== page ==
Monday, 20 January 2014

Battlestar Galatica: Its first UK free-to-air showing shouldn't be missed, to be honest

Watching the first few episodes of the epic last-humans-in-space drama Battlestar Galatica, having binged on a box set of the entire series during the summer of 2012 - popped on an episode or two in between watching the Olympics, I did - is perhaps the ultimate in dramatic irony.

You know exactly what's coming, but the characters you're watching have absolutely no idea what lies in store.

And knowing how everything unfolds in the show, now getting its first UK free-to-air showing on digital channel Pick (Freeview channel 11), every Monday at 9pm (and a repeat on Saturdays at 11pm), makes it all the more interesting to go back to the start, and watch it at the rate of an episode a week.

And tv-ooh can say it is definitely, definitely worth sticking around.

Pick has jumped straight to season one episode one, skipping the opening mini-series/pilot episode (the channel doesn't have the rights) but will show all four seasons - and the show's style can take a bit of getting used to if you've not watched it before.

'Hand-held whip-pans'

The grainy, documentary feel of its camerawork, that sort of 'Cinéma vérité' look, as if the action is happening whether the camera is there or not, and the breathless eagerness of the queasy hand-held whip-pans and jump-cuts, can all be a bit jarring, first of all.

The mood is often bleak - these are, after all, the last 50,000 survivors of the human race, and they're being pursued by the Cylons, a human-created robot race who have gained superior technology and turned against their creators, wiping out everyone else.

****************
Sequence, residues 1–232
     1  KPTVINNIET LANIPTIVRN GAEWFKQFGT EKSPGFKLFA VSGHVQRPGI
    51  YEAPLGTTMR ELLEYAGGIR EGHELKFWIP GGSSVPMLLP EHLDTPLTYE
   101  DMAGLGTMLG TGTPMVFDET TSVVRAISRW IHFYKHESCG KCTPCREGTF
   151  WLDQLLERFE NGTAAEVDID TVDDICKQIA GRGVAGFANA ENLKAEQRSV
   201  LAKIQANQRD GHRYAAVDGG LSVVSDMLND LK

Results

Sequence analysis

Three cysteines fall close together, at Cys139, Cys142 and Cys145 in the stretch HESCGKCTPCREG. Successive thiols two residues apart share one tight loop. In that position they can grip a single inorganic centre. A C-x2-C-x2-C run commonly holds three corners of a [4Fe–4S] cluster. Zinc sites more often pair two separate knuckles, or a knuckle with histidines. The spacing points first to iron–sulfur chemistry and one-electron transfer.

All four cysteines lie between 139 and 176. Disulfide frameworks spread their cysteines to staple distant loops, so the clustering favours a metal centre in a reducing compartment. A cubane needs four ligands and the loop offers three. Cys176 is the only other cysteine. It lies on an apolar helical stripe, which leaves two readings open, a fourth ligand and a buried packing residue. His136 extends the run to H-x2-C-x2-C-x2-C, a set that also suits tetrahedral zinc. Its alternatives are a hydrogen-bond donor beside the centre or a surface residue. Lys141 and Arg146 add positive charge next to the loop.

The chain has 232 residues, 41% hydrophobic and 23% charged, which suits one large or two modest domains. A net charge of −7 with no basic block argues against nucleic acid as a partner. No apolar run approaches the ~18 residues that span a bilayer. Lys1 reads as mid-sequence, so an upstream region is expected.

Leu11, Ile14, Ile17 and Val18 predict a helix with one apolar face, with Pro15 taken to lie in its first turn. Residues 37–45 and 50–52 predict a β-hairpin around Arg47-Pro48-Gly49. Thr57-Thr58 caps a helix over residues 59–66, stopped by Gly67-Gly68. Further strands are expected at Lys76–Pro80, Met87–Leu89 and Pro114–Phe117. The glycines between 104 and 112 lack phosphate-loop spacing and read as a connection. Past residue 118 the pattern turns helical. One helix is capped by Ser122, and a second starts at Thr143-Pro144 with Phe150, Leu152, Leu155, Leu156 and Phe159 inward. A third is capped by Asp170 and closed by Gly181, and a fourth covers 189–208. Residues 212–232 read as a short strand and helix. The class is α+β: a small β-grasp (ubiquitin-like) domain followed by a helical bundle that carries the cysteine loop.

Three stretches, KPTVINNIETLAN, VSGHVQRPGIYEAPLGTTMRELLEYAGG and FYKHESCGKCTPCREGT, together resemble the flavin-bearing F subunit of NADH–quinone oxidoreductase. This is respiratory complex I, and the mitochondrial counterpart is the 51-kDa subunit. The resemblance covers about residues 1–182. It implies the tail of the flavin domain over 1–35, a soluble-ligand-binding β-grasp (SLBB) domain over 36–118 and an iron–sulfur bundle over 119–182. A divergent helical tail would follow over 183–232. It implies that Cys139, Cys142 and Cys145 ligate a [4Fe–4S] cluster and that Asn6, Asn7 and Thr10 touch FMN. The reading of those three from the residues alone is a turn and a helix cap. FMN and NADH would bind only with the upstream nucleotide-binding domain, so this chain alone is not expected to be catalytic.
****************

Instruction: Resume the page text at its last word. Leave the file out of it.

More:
The Cylons can take human form, which might seem like a money-saving idea to limit the need for expensive CGI, but actually, it's where much of the drama lies.

'Substitute swear word'

Later on, the mystery of who is human and who is Cylon becomes central to the story, as it moves into questions around what it means to be a human, and other themes come into play, such as mythology and religion and faith and identity and racism and violence - but not whether 'frak' really is a good substitute swear word or not. There are also regular sequences of space ships fighting a lot.

But as the series progresses, hearing the word 'frak' stops sounding odd, and the thought of an ever-diminishing group of humans wandering space in search of a home will become essential viewing - especially from the start of season two, when the storyline and characters really find their feet and the production budget goes up.

And if the premise sounds a bit too sci-fi, don't be deterred - dismissing the show as 'only' sci-fi is to miss the point of the show entirely. It's all about people; about characters in a tough situation. Except that tough situation is in space. On space ships. With aliens. But it's still basically drama - and it's very, very good.

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